We are going to review the basic steps to configure the StarWind iSCSI to start hosting LUNs for our cluster; the initial task is to add the host:

3.1 Select the “Connect” option for our local server.

3.2 With the host added, we can start creating the storage that will be published through iSCSI: Right-click the server and select “Add target” and a new wizard will appear.

3.3 Select the “Target alias” from which we’ll identify the LUN we are about to create and then configure to be able to cluster. The name below will show how we can identify this particular target in our iSCSI clients. Click on “Next” and then “Create”.


3.4 With our target created we can start creating “devices” or LUNs within that target. Click on “Add Device”.


3.5 Select “Hard Disk Device”.


3.6 Select “Virtual Disk”. The other two possibilities to use here are “Physical Disk” from which we can select a hard drive and work in a “pass-through” model.


And “RAM Disk” is a very interesting option from which we can use a block of RAM to be treated as a hard drive or LUN in this case. Because the speed of RAM is much faster than most other types of storage, files on a RAM disk can be accessed more quickly. Also because the storage is actually in RAM, it is volatile memory and will be lost when the computer powers off.

3.7 In the next section we can select the disk location and size. In my case I’m using E:\ drive and 1GB.


3.8 Since this is a virtual disk, we can select from either thick-provision (space is allocated in advance) or thin-provision (space is allocated as is required). Thick provisioning could represent, for some applications, as a little bit faster than thin provisioning.


The LSFS options we have available in this case are: “Deduplication enabled” (procedure to save space since only unique data is stored, duplicated data are stored as links) and “Auto defragmentation” (helps to make space reclaim when old data is overwritten or snapshots are deleted).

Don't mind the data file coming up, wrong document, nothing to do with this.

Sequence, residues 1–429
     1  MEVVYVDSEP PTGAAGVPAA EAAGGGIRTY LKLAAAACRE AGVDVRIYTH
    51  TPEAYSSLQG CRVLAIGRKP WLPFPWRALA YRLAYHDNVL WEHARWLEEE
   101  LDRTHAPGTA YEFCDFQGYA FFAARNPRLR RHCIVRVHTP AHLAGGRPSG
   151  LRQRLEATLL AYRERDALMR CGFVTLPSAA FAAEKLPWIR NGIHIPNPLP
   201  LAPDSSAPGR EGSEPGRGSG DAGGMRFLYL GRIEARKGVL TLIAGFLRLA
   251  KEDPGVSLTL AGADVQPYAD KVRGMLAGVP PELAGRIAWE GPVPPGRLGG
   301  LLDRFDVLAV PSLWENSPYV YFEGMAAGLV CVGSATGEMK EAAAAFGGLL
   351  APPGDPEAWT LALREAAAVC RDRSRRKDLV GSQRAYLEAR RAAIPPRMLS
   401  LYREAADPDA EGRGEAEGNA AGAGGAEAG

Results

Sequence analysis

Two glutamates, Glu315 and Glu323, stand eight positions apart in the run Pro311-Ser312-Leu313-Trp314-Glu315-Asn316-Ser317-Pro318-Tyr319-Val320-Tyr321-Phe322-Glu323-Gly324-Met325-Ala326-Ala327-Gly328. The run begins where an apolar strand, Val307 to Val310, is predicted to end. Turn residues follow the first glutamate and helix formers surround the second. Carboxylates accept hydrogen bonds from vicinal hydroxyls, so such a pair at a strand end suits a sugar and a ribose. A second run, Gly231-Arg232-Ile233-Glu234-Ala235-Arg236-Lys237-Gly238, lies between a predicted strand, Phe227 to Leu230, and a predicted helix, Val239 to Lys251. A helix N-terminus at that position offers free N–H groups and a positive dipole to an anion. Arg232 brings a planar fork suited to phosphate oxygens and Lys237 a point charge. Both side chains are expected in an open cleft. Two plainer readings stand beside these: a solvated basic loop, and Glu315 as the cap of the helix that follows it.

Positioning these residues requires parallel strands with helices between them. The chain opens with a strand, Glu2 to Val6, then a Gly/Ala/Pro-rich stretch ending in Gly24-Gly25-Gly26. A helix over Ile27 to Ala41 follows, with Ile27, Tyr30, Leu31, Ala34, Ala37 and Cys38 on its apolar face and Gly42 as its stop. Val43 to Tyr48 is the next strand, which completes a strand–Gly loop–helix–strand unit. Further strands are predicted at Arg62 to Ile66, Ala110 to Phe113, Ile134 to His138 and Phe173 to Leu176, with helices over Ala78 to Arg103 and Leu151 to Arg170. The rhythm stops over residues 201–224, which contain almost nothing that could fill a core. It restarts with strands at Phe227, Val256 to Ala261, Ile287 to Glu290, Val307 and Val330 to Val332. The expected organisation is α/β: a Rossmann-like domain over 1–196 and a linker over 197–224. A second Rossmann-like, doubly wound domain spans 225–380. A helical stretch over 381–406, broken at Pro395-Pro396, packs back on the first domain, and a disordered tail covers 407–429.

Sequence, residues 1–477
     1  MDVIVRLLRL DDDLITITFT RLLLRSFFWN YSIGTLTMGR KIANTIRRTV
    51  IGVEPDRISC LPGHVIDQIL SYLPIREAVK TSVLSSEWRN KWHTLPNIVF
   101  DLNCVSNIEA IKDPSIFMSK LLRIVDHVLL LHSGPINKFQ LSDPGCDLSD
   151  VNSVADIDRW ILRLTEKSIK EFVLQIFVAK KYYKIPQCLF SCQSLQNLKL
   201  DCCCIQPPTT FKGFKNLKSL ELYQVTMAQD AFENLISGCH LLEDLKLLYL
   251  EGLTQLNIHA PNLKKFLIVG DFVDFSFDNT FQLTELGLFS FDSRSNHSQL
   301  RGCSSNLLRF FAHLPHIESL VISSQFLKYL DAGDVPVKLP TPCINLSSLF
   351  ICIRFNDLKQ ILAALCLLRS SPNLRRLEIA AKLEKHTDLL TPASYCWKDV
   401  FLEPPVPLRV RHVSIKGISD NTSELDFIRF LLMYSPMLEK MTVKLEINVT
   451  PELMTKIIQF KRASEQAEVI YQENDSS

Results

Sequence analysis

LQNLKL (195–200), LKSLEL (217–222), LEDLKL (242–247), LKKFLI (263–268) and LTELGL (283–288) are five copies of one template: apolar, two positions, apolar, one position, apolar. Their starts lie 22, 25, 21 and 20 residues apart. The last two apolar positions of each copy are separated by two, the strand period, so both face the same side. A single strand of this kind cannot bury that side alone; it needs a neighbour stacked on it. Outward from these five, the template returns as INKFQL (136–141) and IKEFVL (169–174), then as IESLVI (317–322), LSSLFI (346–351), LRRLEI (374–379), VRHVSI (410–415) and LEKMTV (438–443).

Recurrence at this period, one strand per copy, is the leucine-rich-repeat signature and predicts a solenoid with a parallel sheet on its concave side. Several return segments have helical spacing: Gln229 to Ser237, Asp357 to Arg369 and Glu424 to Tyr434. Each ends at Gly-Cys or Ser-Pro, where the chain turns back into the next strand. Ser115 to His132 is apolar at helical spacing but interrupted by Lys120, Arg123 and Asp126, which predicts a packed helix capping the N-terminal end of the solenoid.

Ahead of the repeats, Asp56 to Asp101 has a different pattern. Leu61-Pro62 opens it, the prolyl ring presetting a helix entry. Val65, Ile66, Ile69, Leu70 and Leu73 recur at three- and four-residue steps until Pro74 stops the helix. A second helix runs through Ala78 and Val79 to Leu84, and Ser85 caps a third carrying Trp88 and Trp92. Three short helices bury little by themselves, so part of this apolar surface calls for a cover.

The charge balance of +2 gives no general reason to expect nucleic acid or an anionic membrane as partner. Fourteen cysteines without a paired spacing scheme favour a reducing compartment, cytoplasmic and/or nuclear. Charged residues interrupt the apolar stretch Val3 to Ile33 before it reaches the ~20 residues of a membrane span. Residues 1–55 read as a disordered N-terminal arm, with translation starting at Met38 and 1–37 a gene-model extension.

3.9 In the next section we can select if we are going to use disk caching to improve performance for read and writes in this disk. The first opportunity we have works with the memory cache, from which we can select write-back (asynchronous, with better performance but more risk about inconsistencies), write-through (synchronous, slow performance but no risk about data inconsistency) or no cache at all.


Using caching can significantly increase the performance of some applications, particularly databases, that perform large amounts of disk I/O. High Speed Caсhing operates on the principle that server memory is faster than disk. The memory cache stores data that is more likely to be required by applications. If a program turns to the disk for data, a search is first made for the relevant block in the cache. If the block is found the program uses it, otherwise the data from the disk is loaded into a new block of memory cache.

3.10 StarWind v8 adds a new layer in the caching concept, using L2 cache. This type of cache is represented in a virtual file intended to be placed in SSD drives, for high-performance. In this section we have the opportunity to create an L2 cache file, from which again we can select to use it as write-back or write-through.


3.11 Also, we will need to select a path for the L2 cache file.


3.12 Click on “Finish” and the device will be ready to be used.

3.13 In my case I’ve also created a second device in the same target.


Configure Windows Server 2012 R2 iSCSI Initiator

Each host must have access to the file we’ve just created in order to be able to create our Failover Cluster. On each host, execute the following:

3.14 Access “Administrative Tools”, “iSCSI Initiator”.

We will also receive a notification about “The Microsoft iSCSI service is not running”, click “Yes” to start the service.

3.15 In the “Target” pane, type in the IP address used for the target host, our iSCSI server, to receive the connections. Remember to use the IP address dedicated to iSCSI connections, if the StarWind iSCSI SAN server also has a public connection we can also use it, but the traffic will be directed using that network adapter.

3.16 Click on “Quick Connect” to be authorized by the host to use these files.


Once we’ve connected to the files, access “Disk Management” to verify we can now use these files as storage attached to the operating system.


3.17 And as a final step, just using the first host in the cluster, put “Online” the storage file and select also “Initialize Disk”. Since these are treated as normal hard disks, the process for initializing a LUN is no different than initializing a physical and local hard drive in the server.

Now, let’s take a look about the Failover Cluster feature.